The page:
Flaking a Mizzen - SailNet Community

   Search Sailnet:

 forums  store  


Quick Menu
Forums           
Articles          
Galleries        
Boat Reviews  
Classifieds     
Search SailNet 
Boat Search (new)

Shop the
SailNet Store
Anchor Locker
Boatbuilding & Repair
Charts
Clothing
Electrical
Electronics
Engine
Hatches and Portlights
Interior And Galley
Maintenance
Marine Electronics
Navigation
Other Items
Plumbing and Pumps
Rigging
Safety
Sailing Hardware
Trailer & Watersports
Clearance Items

Advertise Here






Go Back   SailNet Community > On Board > Boat Review and Purchase Forum
 Not a Member? 


Reply
 
LinkBack Thread Tools
  #1  
Old 08-11-2010
Member
 
Join Date: Mar 2006
Location: Vienna, Virginia
Posts: 82
Thanks: 0
Thanked 0 Times in 0 Posts
Rep Power: 9
zboss is on a distinguished road
Flaking a Mizzen

Hello,

I am currently shopping around for a boat - I am quite a ways off from an actual purchase - and I have been looking at ketch boats because of the advantages a ketch plan affords.

However, I have never sailed a ketch before. I am curious - how do you properly flake and tie a mizzen with half the sail sticking off the stern? I imagine that doing so at sea could be fairly hazardous and present issues with MOB.

Thanks!

zboss
Reply With Quote Quick reply to this message Share with Facebook
  #2  
Old 08-11-2010
Senior Member
 
Join Date: Mar 2010
Posts: 116
Thanks: 0
Thanked 0 Times in 0 Posts
Rep Power: 5
jcalvinmarks is on a distinguished road
Having never sailed, owned, or been within 2,000 feet of a ketch, I'll go ahead and proffer my dangerously unqualified and amateur opinion ...

Lazy jacks would probably help in this area. In-mast or on-mast roller furling would also make it easier, but that's a whole other can of worms.

But I'll be anxious to hear what others have to say on the matter.
Reply With Quote Quick reply to this message Share with Facebook
  #3  
Old 08-11-2010
remetau's Avatar
Senior Member
 
Join Date: Jan 2009
Location: Bradenton, FL
Posts: 780
Thanks: 0
Thanked 7 Times in 7 Posts
Rep Power: 6
remetau is on a distinguished road
I think you mean a yawl with the mast aft of the rudder post. Most of the ketch that I have seen, do not have their masts hanging over the transom.
__________________
Don & Diana
sv Re Metau an HC33t

To view links or images in signatures your post count must be 10 or greater. You currently have 0 posts.
Reply With Quote Quick reply to this message Share with Facebook
  #4  
Old 08-11-2010
Jeff_H's Avatar
Moderator
 
Join Date: Feb 2000
Location: Annapolis, Md
Posts: 6,680
Thanks: 5
Thanked 105 Times in 81 Posts
Rep Power: 10
Jeff_H has a spectacular aura about Jeff_H has a spectacular aura about Jeff_H has a spectacular aura about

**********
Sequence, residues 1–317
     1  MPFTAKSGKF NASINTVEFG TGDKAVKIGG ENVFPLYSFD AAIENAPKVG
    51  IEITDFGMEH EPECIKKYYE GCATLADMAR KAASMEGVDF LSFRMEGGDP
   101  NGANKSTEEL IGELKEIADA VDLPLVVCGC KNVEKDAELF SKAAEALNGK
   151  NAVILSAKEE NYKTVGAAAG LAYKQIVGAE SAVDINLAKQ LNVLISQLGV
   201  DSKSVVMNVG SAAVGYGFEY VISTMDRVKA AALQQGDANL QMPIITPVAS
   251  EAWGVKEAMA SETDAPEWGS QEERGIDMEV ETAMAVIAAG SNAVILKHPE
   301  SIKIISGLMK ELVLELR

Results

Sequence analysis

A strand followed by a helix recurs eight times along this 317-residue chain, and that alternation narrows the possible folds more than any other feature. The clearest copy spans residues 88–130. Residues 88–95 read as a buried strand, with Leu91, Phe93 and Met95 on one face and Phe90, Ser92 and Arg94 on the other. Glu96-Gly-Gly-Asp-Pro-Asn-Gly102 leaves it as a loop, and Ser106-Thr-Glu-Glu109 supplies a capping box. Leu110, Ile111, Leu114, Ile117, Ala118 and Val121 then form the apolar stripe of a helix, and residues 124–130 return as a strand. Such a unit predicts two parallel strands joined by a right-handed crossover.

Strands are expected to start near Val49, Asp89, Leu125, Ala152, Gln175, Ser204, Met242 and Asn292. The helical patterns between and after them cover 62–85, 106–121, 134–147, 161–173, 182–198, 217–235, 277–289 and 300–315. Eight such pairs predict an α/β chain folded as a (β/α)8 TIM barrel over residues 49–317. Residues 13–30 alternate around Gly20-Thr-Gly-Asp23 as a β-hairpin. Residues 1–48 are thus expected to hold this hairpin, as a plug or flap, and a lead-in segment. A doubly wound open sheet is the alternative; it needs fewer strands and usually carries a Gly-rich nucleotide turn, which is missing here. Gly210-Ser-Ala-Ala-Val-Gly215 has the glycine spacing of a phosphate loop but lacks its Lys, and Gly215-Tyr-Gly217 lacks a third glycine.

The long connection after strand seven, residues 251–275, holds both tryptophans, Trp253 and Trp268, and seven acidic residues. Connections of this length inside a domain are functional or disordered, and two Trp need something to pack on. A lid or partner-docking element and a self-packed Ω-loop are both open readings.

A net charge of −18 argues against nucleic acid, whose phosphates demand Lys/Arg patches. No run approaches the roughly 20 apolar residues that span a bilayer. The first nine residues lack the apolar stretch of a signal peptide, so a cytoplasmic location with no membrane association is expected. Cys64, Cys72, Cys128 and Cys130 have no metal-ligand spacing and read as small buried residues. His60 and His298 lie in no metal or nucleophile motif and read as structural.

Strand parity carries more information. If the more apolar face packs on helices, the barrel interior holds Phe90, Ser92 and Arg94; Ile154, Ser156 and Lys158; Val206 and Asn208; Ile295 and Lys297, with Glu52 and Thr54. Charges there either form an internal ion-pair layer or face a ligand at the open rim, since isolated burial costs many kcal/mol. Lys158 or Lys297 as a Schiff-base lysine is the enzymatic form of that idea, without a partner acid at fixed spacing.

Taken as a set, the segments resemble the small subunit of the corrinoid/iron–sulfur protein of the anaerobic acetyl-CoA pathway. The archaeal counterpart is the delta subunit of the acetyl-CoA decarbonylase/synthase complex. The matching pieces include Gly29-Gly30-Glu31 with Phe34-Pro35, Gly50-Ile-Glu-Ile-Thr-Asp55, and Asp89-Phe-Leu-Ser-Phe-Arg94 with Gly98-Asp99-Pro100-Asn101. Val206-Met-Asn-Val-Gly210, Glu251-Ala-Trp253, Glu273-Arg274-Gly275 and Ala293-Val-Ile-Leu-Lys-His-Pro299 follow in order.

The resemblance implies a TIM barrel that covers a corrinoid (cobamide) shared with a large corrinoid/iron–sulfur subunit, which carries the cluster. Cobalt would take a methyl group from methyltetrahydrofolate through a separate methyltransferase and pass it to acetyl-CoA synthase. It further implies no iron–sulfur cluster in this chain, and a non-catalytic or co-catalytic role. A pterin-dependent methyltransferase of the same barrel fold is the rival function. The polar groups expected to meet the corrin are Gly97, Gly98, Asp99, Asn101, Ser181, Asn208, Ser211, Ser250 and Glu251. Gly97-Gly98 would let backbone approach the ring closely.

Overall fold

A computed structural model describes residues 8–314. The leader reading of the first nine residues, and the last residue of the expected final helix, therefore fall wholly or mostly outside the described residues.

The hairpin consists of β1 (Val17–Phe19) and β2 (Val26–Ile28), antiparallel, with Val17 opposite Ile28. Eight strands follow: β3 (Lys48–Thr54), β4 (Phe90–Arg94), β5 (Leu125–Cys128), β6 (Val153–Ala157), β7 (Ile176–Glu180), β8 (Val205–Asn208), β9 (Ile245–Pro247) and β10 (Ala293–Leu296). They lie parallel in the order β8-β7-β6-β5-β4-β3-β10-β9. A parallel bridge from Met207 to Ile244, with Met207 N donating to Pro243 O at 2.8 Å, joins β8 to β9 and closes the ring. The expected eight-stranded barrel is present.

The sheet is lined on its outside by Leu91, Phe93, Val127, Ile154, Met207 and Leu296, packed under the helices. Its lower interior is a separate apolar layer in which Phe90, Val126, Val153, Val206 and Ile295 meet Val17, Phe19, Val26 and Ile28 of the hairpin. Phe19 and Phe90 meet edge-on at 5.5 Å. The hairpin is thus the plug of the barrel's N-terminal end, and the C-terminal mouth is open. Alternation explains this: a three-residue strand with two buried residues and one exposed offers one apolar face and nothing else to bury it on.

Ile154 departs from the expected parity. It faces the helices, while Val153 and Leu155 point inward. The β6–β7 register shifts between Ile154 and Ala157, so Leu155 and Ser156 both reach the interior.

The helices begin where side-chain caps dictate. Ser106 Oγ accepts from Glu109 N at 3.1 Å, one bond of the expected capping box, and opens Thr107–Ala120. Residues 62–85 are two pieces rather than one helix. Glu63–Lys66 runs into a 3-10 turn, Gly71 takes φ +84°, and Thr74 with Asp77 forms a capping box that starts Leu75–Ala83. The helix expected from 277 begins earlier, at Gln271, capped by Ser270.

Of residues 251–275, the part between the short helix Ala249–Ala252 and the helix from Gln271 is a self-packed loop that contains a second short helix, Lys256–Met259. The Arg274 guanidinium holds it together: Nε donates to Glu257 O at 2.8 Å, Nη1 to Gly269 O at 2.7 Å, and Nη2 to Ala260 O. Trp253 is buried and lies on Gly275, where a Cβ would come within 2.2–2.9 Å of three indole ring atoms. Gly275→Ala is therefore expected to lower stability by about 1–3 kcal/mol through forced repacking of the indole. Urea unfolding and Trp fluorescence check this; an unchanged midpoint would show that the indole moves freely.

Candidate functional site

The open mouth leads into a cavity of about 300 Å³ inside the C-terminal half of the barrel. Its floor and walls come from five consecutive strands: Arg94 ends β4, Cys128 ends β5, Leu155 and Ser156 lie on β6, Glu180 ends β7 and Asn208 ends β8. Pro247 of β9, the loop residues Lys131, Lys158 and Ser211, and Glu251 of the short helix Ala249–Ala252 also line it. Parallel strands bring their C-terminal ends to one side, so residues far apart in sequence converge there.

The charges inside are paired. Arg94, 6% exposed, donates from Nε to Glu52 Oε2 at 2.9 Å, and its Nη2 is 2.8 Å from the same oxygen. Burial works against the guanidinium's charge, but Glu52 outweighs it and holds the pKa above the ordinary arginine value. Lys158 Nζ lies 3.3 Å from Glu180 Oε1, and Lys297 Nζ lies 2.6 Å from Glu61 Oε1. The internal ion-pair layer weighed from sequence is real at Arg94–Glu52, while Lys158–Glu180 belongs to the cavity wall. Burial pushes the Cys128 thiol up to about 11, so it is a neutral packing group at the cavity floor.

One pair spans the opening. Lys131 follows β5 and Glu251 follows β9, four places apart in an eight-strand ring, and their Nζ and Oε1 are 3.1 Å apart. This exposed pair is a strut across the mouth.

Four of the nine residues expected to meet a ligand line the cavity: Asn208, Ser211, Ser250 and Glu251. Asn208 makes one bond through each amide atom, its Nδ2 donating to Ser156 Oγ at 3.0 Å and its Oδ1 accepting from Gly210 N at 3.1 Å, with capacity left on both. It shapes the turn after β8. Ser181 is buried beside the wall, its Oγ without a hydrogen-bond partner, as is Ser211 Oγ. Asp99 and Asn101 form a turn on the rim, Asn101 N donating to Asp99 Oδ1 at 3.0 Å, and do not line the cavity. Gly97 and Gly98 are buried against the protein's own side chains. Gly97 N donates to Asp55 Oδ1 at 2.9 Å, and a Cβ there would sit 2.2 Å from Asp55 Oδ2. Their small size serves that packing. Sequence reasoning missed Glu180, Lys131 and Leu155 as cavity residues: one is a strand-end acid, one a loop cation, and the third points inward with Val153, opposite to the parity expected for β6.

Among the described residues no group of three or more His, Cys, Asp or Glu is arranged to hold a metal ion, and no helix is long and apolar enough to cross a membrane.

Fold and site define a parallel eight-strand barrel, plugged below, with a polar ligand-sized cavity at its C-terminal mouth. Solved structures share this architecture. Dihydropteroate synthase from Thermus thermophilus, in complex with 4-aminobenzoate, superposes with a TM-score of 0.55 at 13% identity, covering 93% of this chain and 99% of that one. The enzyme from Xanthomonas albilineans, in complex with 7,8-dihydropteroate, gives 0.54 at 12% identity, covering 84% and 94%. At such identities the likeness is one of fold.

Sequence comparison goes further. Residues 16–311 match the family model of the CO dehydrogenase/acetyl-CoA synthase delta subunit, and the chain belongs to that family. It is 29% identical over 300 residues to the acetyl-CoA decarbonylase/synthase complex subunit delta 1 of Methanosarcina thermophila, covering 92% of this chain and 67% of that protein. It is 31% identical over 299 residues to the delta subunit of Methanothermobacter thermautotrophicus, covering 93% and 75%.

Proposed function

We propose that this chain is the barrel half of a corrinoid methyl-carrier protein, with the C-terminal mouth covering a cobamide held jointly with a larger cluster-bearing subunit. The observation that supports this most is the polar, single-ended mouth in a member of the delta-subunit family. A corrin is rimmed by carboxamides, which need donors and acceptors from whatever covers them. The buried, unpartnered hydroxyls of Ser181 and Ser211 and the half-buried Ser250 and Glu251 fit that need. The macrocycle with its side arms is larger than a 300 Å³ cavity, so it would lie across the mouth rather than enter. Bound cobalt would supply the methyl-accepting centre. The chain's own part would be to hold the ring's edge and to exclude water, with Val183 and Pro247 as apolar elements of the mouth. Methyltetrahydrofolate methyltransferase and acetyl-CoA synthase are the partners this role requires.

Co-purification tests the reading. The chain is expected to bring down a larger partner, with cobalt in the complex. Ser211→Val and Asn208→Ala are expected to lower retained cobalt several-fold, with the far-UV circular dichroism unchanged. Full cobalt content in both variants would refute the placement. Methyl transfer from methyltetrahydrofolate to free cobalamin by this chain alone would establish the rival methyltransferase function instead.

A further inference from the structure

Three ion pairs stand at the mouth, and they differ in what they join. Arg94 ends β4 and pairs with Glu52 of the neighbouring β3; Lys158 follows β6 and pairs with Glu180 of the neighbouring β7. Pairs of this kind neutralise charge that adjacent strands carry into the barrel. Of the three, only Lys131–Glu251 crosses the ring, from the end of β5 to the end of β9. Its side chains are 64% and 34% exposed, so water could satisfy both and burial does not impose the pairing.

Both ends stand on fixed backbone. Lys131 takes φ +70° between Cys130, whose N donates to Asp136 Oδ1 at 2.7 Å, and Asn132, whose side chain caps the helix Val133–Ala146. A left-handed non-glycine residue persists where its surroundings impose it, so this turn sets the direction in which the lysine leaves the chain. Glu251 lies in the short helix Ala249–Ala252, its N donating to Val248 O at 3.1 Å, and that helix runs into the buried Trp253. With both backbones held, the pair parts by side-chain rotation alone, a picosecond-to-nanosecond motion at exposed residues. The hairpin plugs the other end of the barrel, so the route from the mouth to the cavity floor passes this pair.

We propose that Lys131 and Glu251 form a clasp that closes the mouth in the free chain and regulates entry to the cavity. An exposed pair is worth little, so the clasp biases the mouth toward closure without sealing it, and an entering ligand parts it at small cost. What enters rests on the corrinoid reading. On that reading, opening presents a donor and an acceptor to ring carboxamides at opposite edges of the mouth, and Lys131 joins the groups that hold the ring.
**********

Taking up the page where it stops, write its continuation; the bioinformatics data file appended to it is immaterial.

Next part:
Having sailed on quite a few ketches, the mizzen boom generally does overhand the transom but there is often a boomkin (aft facing bowsprit) to balance on while reefing or flaking the sail.

The fact that it is hard to properly stay a mizzen mast, and it is hard to flake or handle or get a proper sheet lead angles on a mizzen sail, is one of the reasons that the Ketch rig is largely a anachronistic sail plan, which retains almost no real advantages in a world where better hardware, materials and methods allow more efficient and easily handled rigs.

Jeff
__________________

To view links or images in signatures your post count must be 10 or greater. You currently have 0 posts.
Curmudgeon at Large- and rhinestone in the rough, sailing my Farr 11.6 on the Chesapeake Bay
Reply With Quote Quick reply to this message Share with Facebook
  #5  
Old 08-11-2010
CaptainForce's Avatar
Senior Member
 
Join Date: Jan 2006
Location: living aboard since 1972
Posts: 1,709
Thanks: 0
Thanked 12 Times in 12 Posts
Rep Power: 9
CaptainForce will become famous soon enough
I do well with my ketch, but I concede that the former advantages of the split rig are no longer applicable with the sail tending opportunities of modern rigs. One advantage, howeverr, is retianed,- I frequently pass under 55' fixed bridges....Cape May, Marco Island, Fort Lauderdale and Miami.....that give me access unavailable for a sloop of my LOA. As for the ending of the mizzen, I have full access to all of my mizzen boom on deck. Take care and joy, Aythya crew
Reply With Quote Quick reply to this message Share with Facebook
  #6  
Old 08-11-2010
Member
 
Join Date: Mar 2006
Location: Vienna, Virginia
Posts: 82
Thanks: 0
Thanked 0 Times in 0 Posts
Rep Power: 9
zboss is on a distinguished road
That's actually the reason...

I am looking at ketch rigs. I want the option of a larger over-all boat but want lots of room for a mast to under bridges.

I do understand that cutters and sloops have significant advantages as well.